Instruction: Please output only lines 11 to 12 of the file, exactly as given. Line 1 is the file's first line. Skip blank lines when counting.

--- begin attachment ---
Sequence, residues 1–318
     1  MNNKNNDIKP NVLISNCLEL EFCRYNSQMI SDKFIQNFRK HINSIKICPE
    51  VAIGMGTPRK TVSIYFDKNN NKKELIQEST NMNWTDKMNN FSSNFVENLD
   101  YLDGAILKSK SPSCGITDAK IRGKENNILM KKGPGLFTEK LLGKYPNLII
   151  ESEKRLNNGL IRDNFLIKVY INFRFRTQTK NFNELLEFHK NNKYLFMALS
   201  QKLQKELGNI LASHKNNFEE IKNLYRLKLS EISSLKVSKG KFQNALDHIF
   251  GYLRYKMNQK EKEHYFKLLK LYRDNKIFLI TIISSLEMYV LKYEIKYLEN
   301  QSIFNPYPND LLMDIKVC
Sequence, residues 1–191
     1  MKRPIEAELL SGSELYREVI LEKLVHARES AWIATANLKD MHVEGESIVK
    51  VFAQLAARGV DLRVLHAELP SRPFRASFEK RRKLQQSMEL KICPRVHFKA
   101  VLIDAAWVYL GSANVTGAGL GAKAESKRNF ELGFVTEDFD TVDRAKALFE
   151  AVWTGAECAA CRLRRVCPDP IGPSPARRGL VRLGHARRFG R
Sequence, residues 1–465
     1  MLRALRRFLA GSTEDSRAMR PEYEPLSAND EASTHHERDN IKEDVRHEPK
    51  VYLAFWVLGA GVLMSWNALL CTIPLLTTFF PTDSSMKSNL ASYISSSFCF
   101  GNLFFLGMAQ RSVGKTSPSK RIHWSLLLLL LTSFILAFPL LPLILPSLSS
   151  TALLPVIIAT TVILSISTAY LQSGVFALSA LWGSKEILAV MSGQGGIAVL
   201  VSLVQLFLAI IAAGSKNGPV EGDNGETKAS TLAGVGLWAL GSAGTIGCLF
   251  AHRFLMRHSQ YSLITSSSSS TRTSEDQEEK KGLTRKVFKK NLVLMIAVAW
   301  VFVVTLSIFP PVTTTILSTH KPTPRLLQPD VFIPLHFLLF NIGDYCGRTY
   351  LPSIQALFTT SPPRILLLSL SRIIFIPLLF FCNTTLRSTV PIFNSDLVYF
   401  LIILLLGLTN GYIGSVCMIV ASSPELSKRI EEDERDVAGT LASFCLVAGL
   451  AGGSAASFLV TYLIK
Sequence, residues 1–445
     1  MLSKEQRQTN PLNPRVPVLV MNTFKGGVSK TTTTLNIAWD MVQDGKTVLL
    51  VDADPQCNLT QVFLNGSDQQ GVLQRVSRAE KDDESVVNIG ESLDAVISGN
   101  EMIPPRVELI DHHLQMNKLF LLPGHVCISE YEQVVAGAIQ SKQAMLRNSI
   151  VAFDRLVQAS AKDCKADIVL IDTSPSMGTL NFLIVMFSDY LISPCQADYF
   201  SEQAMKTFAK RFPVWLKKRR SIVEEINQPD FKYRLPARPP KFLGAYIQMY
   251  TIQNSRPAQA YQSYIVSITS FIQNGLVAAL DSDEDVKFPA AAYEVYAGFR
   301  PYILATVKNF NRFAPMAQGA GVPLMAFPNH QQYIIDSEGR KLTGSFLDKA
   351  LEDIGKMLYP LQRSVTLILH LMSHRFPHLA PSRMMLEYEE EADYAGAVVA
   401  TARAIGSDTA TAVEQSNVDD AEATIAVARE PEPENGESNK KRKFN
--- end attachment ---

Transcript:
    51  VFAQLAARGV DLRVLHAELP SRPFRASFEK RRKLQQSMEL KICPRVHFKA
   101  VLIDAAWVYL GSANVTGAGL GAKAESKRNF ELGFVTEDFD TVDRAKALFE